Easily one of the most unforgettable aspects of Jean Rollin’s first feature film Le Viol Du Vampire (The Rape of the Vampire) is its extraordinary score courtesy of famed Parisian Jazz Musician Francois Tusques. Swirling free-jazz, bits of classical romanticism and more than a trace of Avant-garde minimalism fill Tusques’ score, and it is indeed an unforgettable work that matches Rollin’s iconic imagery from beginning to end.
Born in Paris in 1938, Tusques began to make waves on the French music scene in the early to mid sixties as one of the key practitioners of the Free Jazz movement. Working with such famed and acclaimed French musicians like Bernard Vitet, Beb Guérin, Michel Portal, and François Jeanneau, Tusques quickly became known as one of the key French players of the day, and his albums Free Jazz and Le Nouveau Jazz are widely considered two of the most important French Jazz albums of the sixties.
Writing on his important collaboration with American drummer Sunny Murray in 1968 at the height of the student protests, TransAtlantic Magazine States that Tusque’s “infectiously repetitious pianism” blended in “perfectly with Murray’s pulsing washes of sound” and the two helped form a potent and haunting soundtrack to that most turbulent year in France.
Tusques was an ideal choice to compose the music for Rollin’s wild first feature, a work that very much resembles one of the unrestrained improvised pieces Tusque might have been playing in the period. Interviewed on Encore’s box set of Le Viol Du Vampire, Tusque recalls very little of the making of the film but he seems to have good feelings concerning both it and Rollin…he also seems quite thrilled with his cameo with his band that comes late in the film.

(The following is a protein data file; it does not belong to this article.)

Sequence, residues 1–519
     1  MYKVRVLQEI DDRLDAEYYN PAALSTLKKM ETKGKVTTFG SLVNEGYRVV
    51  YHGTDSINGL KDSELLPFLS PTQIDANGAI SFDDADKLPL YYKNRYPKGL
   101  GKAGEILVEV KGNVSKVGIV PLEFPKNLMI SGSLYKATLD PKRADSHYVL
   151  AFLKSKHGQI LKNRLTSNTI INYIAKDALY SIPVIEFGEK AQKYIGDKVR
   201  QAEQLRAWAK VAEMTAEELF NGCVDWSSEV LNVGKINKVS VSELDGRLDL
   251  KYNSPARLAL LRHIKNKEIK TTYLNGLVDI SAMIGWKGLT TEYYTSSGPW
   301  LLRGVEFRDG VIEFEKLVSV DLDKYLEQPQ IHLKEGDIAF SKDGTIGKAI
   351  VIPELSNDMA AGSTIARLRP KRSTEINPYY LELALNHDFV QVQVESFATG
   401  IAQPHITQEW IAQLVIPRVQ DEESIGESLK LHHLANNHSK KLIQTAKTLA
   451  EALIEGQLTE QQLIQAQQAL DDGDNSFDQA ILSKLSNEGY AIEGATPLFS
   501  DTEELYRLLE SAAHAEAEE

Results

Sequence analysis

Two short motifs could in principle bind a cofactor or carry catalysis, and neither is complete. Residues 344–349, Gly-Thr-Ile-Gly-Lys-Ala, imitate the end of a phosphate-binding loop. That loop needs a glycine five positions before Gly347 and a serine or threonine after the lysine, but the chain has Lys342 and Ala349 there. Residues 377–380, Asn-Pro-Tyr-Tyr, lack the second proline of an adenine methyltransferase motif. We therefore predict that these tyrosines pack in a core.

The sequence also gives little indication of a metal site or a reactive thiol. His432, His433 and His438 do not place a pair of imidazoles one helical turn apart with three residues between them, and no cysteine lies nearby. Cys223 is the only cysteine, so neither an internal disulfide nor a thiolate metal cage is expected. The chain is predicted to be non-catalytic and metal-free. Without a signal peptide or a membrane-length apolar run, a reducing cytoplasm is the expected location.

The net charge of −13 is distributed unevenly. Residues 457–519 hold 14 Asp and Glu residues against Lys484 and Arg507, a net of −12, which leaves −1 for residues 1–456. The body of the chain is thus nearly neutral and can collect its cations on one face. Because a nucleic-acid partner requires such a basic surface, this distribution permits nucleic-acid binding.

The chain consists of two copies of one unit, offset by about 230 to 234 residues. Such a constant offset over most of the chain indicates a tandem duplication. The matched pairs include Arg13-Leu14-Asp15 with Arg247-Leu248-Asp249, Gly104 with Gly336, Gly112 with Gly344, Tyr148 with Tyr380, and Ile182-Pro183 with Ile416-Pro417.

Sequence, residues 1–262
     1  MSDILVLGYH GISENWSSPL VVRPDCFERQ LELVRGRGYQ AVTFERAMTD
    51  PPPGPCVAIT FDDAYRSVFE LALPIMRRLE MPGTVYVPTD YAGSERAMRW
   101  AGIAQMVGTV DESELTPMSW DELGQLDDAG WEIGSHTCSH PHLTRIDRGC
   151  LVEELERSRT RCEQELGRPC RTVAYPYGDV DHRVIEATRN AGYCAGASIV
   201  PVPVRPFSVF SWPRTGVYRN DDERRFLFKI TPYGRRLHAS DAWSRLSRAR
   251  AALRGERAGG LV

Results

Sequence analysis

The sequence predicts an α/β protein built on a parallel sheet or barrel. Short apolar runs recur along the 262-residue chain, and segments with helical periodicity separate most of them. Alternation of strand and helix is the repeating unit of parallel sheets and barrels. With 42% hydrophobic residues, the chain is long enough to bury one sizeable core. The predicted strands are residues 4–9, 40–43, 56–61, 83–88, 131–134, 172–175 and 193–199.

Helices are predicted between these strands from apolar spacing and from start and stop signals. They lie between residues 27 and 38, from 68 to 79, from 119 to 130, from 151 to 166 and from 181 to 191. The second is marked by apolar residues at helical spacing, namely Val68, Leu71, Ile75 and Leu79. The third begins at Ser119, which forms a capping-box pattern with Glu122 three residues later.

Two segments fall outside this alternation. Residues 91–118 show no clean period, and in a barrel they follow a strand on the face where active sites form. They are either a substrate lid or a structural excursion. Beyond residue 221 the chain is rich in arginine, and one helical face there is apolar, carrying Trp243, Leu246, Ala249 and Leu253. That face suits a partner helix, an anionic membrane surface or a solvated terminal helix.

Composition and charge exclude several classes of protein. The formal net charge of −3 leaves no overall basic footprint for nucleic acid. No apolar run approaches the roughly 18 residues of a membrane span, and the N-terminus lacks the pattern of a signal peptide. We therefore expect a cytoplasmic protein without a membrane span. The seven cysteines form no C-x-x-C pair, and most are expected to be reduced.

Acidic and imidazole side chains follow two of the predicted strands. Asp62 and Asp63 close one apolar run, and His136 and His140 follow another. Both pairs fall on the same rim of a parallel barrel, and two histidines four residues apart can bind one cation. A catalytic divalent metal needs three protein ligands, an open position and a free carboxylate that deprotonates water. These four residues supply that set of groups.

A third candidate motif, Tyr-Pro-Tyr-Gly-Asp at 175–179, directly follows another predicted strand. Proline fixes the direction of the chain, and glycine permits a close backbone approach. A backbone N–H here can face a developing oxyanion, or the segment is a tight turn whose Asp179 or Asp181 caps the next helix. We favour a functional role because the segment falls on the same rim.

“The Apex of his ‘Out’ Recordings” (TransAtlantic) Intercommunal Music landed in 1971 and is widely considered his key work…an exhilarating suite broken up into several pieces that solidified his position as one of the great modern French players…a role that he continues to play to this day.
Unfortunately Tusque has recorded very little for the screen, with Le Viol Du Vampire marking his only notable soundtrack. He scored a short Bernadette Lafont film in 1968 and has since only worked sporadically in documentary work, a fact that makes his remarkable soundtrack for Le Viol Du Vampire one of the great cinematic one hit wonders.
Tusque’s soundtrack album for Le Viol Du Vampire has been released on CD according to Encore’s DVD set but I have been unable to track it down. Pity as I am sure it would reflect what TransAtlantic summed up about the remarkable Francois Tusque’s career…that it is indeed “a joyous revolution”.